United Kingdom Prime Minister Boris Johnson announced on Feb. 11 that HS2 – a high-speed rail network linking the city centers of London, Birmingham, Manchester and Leeds – will be included as part of improvements to local transportation networks across the county.
“Delivering better, faster and more reliable transport connections is the way to close the opportunity gap across this country,” Prime Minister Boris Johnson said. “But it is not and never will be an ‘either/or’ between big projects and local services.
“Dramatic improvements to local transport and the decision to proceed with HS2 will shift this country’s center of gravity away from the capital and transform connectivity between our towns and cities. I am drawing a clear line under the mismanagement of the past – HS2 must be delivered more efficiently and cost-effectively so that communities feel its benefits more quickly, particularly those in the North.”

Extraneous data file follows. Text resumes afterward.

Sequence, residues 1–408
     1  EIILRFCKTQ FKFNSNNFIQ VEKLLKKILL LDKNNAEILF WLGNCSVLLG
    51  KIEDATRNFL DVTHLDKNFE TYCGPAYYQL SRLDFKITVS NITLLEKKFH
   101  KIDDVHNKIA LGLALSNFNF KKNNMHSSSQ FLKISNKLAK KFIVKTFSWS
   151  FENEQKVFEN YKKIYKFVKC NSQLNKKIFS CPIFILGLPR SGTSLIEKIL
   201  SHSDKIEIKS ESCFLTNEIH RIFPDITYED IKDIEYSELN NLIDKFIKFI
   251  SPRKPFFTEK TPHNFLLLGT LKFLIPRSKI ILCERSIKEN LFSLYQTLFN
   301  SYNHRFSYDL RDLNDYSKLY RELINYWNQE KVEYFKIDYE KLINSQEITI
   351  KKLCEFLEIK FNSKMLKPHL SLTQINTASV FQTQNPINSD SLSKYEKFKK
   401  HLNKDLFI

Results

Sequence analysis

The 67-mile long HS1 – or the Channel Tunnel Rail Link – was completed in 2009, linking the capital to the Channel Tunnel to the southeast. HS2 follows a Y-shaped alignment linking London with the major population centers to the north.
After thorough analysis of the benefits and impacts of the project, work on Phase 1 (the route between London and Birmingham) is set to start in April. Government will revive the legislation to deliver Phase 2a (connecting Birmingham to Crewe) as soon as possible so that preparation works can move forward.
The Prime Minister told Parliament that he is committed to Phase 2b of the project, extending high-speed rail from the West Midlands to the North.
An independent review by noted British civil engineer Douglas Oakervee’s was published in full on Feb. 11. It can be accessed here.